Cuba’s hard work has paid of, literally. Their medical research and innovative medical technology has been exported abroad. Cuban exports of diagnostic equipment and pharmaceuticals earned Cuba $120 million in 1995 (Schwab, 1997). A second way that Cuba has used their technology for economic finance is through what has become known as "health tourism." This is a medical system they have developed for foreigners only in order to help finance the free service to their own citizens, the expenses of medical research, and so forth. Health tourism is a chain of private hospitals that provide paid services to foreigners only - in 1995 this brought in over $25 million dollars. Services performed include treatments for eye and skin diseases, open heart surgeries, Parkinson’s disease, kidney transplants, neurological disorders, and countless others (Schwab, 1997). The North American Congress on Latin America recorded that 7,000 foreigners from 60 different countries have visited Cuba to receive medical services (1997). Cuban medics have also been hired to go out to other countries at very profitable rates. These profits are redistributed into the health economy, one source reported 60% into the health tourism hospitals and 40% into health care for the citizens (Schechner, 1994). This system has also received some criticism for the dual-system it creates in Cuba. Some of the services that physicians perform for the foreigners they can not perform on the citizens, for the reason that they cannot afford it. The same country that criticizes health tourism is the same country that has contributed to the cause of their economic crisis: the United States.
The U.S. Embargo has caused the Cubans and their economy to suffer terribly. I will briefly touch upon the impacts of the U.S. policies simply to emphasize the power behind a nation’s ideology. This blockade has not only been a blockade of U.S. products, (mainly medical supplies that the Cubans were dependent on because of the cheaper import costs), but it came to be a "virtual world-wide blockade" (Nayeri, 1995:332) because all other nations were prohibited by the U.S. to trade any import with Cuba that was comprised of any U.S. part. For example, most antibiotics are produced under American patents, so these are included in the embargo. Any third country or foreign enterprise exporting these to Cuba will be threatened by U.S. sanctions (Schwab, 1997). This explains why one reported described it as a "virtual economic blockade" (Chelala, 1996:559). It has deprived the Cubans of, ultimately, an aspect of everything. From essential necessities such as some basic food groups, to intellectual trade items such as journals, to commodities we take for advantage such as gasoline. (That, actually, was ironically beneficial in the long run. Cubans have resorted to bicycles which has improved their physical health and the environment) (Flavin, 1997). The U.S. has not gained any respect or admiration for their embargo or any of the other policies they have enforced, (such as the Cuban Democracy Act, Trading with the Enemy Act, or the Helms-Burton Act just to name a few). In fact, at a United Nations General Assembly, nations voted overwhelmingly that the U.S. was in violation of Article 25 of the Universal Declaration of Human Rights that maintains that everyone has the right to the "health and well being of himself and his family, including...medical care and necessary social services" (Schwab, 199107:21).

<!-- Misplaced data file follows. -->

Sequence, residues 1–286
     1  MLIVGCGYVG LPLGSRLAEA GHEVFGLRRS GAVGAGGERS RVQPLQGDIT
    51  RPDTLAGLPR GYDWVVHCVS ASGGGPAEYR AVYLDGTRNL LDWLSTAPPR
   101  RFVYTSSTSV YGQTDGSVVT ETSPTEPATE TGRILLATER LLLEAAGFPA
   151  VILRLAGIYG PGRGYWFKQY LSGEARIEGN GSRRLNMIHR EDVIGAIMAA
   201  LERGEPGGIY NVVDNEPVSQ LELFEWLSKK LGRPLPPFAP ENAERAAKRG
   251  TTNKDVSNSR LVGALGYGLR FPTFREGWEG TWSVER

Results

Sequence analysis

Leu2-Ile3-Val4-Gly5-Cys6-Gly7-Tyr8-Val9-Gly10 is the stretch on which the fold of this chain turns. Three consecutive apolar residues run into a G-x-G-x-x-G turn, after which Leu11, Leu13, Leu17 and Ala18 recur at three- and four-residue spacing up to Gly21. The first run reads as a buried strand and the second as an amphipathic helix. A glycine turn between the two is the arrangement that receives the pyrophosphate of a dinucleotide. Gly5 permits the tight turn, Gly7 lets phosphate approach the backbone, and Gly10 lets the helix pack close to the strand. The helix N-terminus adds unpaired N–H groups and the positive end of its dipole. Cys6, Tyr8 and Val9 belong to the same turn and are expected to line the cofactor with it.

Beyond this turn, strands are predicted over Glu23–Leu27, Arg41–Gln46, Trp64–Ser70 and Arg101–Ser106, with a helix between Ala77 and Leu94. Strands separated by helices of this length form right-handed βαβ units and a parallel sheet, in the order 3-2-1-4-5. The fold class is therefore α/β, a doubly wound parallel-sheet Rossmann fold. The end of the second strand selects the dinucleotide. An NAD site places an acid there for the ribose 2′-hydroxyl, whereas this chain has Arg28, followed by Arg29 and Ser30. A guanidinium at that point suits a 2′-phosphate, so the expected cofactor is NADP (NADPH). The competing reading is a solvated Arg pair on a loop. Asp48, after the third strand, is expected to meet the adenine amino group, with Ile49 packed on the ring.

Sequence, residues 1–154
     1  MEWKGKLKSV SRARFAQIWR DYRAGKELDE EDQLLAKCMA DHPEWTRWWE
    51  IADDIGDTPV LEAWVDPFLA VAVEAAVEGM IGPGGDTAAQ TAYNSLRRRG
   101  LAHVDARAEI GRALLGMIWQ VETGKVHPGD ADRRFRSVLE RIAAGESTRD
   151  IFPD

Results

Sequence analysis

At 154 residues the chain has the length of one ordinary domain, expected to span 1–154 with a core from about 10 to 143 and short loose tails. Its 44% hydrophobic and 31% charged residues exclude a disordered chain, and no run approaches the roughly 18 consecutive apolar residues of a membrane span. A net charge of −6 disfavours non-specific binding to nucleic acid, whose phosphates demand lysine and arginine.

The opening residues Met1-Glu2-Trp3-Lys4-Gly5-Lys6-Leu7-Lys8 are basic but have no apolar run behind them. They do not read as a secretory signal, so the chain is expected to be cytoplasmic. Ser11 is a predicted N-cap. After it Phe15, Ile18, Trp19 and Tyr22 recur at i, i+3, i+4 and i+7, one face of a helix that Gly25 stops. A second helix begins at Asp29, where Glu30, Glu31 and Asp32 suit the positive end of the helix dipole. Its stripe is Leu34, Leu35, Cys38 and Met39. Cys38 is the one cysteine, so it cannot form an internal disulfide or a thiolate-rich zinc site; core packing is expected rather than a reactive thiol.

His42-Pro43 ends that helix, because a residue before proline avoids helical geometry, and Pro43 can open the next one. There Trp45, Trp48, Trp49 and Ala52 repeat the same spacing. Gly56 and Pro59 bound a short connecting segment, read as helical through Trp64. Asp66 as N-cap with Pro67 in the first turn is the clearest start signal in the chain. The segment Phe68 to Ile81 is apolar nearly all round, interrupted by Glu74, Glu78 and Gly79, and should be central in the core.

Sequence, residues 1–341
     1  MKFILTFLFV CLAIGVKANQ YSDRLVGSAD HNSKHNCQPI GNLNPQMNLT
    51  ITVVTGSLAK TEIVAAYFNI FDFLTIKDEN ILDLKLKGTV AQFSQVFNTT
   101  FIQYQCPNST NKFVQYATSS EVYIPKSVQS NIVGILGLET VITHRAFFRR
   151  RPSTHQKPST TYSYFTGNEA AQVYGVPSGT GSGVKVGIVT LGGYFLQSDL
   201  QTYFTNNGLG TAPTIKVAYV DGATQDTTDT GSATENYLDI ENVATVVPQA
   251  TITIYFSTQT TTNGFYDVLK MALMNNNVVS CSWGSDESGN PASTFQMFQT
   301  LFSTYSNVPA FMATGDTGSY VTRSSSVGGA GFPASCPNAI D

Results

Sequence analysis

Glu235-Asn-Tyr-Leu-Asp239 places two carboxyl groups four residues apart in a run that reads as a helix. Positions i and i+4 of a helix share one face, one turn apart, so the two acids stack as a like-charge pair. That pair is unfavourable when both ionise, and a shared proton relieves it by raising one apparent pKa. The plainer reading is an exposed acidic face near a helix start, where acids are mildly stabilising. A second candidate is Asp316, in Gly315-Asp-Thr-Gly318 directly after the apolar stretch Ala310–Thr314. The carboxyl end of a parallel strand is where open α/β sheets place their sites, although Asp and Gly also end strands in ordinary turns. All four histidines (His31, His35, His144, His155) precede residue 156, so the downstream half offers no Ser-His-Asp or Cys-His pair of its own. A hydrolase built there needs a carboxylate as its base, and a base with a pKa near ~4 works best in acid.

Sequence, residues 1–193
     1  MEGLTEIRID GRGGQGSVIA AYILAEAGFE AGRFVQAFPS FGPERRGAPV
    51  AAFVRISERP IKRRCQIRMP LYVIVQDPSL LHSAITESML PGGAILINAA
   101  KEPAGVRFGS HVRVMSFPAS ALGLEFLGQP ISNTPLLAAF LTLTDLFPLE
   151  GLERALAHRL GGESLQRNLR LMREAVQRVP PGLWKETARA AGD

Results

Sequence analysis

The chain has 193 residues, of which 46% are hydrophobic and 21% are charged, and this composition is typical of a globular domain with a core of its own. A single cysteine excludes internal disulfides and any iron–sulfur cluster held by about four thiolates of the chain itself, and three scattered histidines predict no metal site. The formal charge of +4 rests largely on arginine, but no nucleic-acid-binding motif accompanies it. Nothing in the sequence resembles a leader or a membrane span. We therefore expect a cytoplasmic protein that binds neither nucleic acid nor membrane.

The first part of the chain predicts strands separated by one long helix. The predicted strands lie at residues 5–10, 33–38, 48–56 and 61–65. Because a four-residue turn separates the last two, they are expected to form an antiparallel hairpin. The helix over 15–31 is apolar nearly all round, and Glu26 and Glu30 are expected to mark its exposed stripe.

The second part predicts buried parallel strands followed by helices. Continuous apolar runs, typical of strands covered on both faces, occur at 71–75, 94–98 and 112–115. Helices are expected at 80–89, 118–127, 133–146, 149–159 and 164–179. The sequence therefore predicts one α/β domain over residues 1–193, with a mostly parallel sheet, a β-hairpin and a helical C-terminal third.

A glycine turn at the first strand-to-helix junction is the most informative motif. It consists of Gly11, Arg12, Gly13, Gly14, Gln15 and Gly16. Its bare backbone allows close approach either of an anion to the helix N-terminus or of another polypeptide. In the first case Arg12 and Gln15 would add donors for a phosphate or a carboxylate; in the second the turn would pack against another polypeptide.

The Cuban health care system has developed immensely. At the time of the revolution, the socialists started with run-down hospitals, poverty and disease stricken citizens, a severe shortage of physicians, and a nation and its people recovering from a long struggle with oppression. From creative ideas rose a new nation. Step-by-step the communities picked up the broken pieces and with collaborative effort, they have successfully put them together. The new Cubans developed their own Constitution with their own ideals. They transformed demolished facilities into the innovative hospitals that people from around the world come to receive treatment. They have built themselves research facilities that make worldwide medical contributions. The Cuban’s have replaced the profit-oriented physicians with bright new doctors, both male and female, that do not let the distraction of wealth interfere with the delivery of service to their patients. There is no competition among them, they work cooperatively to achieve the same purpose. The Cubans have transformed a nation that benefited only the wealthy few into a country that reaches out to all: young or old, rural or urban, leader or peasant. They have reinvented the concept of health care, and have stood as an example to many countries, even to some that are wealthier than Cuba. The Cubans have ultimately brought "first world care to a third world country" (Hemmes, 1994:53).
This transformation would never have been completed without the ideology the new socialist people created for the benefits of all its citizens. The Cubans have recognized the intrinsic value of every individual, and have made it their priority over the pleasures of wealth. Cubans do not pay for their health care, they help each other achieve it because health is everyone’s human and constitutional right. Human health has no affiliation in Cuba with the concept of riches. Significance is put instead on the person regardless of their status. By taking money out of health care, they have put health care back to where it should have initially stayed: the person. Cuba has the potential for advancing further than any capitalist community. A nation of healthy people united for the same effort will leave the greedy individuals fighting amongst themselves in the dust.